There’s no official timetable for Anderson’s return, but based on the typical recovery period following a Tommy John surgery, it’s possible he could return sometime in May or June. Prior to the 2016 season, his improved arsenal had him drawing comparisons to early-career Matt Harvey. If he can harness some of that potential, he could prove a dangerous asset to the Tribe as a reserve starter or a multi-inning relief weapon.
2. Yandy Diaz, 3B – Diaz is an incredible player with a tragic flaw. The 26-year-old Cuban native is absurdly strong and has an uncanny ability to scorch the baseball at incredible speeds… right into the ground. This tendency led him straight to a puny .327 slugging percentage with zero homers across 179 plate appearances in 2017, despite a 91.5 MPH average exit velocity that ranked eighth in the majors among players with at least 100 batted balls. Perhaps that doesn’t tell the whole story (his .302/.407/.402 batting line from August 22nd on indicates he made some fruitful adjustments), but on the whole, Diaz seemed like a character straight out of the Island of Misfit Toys.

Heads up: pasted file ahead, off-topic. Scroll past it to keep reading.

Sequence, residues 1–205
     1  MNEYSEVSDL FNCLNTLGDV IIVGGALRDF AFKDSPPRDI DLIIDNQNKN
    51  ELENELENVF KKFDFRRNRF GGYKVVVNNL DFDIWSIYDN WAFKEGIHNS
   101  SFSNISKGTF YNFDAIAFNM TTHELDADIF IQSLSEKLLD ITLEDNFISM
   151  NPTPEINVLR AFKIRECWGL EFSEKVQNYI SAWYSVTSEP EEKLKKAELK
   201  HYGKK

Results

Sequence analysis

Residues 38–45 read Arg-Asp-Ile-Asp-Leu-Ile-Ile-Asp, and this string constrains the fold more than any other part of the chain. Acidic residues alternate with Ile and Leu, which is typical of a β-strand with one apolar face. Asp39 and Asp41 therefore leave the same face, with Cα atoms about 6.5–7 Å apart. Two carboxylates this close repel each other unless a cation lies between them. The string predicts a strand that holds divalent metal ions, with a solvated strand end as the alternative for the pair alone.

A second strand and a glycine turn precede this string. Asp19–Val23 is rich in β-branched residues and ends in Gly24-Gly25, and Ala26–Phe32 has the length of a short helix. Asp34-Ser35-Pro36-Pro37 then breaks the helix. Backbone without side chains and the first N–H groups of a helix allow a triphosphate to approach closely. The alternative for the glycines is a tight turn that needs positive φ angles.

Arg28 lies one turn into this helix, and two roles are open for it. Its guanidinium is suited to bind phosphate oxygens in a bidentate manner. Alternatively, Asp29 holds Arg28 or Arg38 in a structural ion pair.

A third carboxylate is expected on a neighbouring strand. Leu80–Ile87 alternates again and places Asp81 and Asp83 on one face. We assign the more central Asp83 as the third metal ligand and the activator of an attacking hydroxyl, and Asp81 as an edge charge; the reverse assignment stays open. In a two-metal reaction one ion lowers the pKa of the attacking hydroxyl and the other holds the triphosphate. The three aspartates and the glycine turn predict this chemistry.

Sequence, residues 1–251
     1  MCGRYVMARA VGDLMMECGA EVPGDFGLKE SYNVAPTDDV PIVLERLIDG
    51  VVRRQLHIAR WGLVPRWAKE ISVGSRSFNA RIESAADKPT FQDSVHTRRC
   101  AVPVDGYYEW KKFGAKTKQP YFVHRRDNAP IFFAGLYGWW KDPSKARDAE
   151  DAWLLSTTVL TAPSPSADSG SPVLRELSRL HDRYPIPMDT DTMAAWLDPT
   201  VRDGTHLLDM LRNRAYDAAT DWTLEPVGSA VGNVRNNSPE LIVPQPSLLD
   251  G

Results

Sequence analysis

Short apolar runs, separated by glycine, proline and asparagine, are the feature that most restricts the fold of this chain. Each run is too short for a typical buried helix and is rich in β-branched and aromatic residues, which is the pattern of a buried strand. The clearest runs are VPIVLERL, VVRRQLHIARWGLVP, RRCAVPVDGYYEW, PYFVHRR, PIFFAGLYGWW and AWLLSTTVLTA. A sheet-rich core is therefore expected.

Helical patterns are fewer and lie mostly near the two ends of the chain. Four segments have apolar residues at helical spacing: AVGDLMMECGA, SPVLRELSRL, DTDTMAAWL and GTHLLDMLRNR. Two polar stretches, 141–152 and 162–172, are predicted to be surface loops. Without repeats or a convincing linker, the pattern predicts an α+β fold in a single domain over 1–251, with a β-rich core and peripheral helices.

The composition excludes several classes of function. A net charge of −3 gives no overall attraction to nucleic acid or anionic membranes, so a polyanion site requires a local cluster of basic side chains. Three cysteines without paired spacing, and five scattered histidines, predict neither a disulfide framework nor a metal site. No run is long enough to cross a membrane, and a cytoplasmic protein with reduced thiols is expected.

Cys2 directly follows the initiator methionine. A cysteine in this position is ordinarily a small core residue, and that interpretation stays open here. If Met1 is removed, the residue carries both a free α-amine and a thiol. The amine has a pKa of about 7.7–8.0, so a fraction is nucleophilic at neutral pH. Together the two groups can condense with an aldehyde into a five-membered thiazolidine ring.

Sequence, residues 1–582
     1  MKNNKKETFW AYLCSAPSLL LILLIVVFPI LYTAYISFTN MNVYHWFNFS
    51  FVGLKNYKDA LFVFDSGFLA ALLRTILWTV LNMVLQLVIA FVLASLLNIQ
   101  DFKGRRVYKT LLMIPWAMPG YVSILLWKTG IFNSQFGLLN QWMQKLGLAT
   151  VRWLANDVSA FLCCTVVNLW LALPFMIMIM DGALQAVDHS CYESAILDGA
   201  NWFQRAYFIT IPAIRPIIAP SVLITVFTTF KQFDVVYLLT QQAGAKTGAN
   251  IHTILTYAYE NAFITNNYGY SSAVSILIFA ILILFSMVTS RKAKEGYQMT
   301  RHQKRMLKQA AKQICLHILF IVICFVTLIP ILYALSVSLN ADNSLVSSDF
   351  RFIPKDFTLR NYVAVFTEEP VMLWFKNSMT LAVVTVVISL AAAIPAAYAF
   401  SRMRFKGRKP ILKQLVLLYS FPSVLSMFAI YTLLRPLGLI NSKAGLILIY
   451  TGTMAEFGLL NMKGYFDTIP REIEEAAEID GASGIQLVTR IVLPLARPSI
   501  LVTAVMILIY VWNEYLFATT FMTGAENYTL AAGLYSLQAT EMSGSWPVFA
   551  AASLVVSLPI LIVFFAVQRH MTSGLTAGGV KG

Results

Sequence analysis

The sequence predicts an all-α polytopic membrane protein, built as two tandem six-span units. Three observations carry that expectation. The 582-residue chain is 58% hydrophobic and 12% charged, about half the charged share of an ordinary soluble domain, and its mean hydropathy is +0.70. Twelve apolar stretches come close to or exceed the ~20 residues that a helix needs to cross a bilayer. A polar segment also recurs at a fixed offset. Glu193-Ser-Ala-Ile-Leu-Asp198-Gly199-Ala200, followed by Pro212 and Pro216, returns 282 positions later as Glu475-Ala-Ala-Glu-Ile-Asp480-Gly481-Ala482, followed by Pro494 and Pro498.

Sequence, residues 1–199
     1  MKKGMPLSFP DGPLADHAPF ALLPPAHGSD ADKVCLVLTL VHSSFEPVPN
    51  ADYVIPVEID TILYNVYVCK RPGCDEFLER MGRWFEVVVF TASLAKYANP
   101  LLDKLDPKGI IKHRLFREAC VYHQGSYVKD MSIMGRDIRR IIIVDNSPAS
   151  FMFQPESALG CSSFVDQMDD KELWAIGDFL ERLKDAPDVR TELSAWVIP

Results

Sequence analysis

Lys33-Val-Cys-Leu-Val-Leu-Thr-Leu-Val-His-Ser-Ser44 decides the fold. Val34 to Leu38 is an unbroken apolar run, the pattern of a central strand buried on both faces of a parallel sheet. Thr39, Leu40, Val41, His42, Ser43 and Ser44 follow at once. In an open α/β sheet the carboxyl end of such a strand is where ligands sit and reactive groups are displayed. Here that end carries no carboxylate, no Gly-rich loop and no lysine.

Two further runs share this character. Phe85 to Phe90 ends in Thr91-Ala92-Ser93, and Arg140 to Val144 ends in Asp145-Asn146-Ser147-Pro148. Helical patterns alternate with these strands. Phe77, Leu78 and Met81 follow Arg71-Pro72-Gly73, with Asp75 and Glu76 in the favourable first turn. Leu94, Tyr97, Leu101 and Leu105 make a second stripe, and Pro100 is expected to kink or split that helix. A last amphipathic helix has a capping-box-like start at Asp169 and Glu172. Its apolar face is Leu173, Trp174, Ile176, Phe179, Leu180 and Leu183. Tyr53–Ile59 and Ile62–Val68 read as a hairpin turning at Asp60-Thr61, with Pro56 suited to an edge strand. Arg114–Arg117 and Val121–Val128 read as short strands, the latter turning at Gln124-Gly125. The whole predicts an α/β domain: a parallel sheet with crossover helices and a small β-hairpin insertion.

Initial MLB impressions aside, Diaz is perhaps one of the strongest baseball players in the game. Check out his biceps if you don’t believe me. If he can learn to elevate the ball, the results could be cataclysmic. Of course, he doesn’t have a clear path to major league playing time right now, but if an injury creates room for him later in the season, there’s a chance we could see him do something incredible.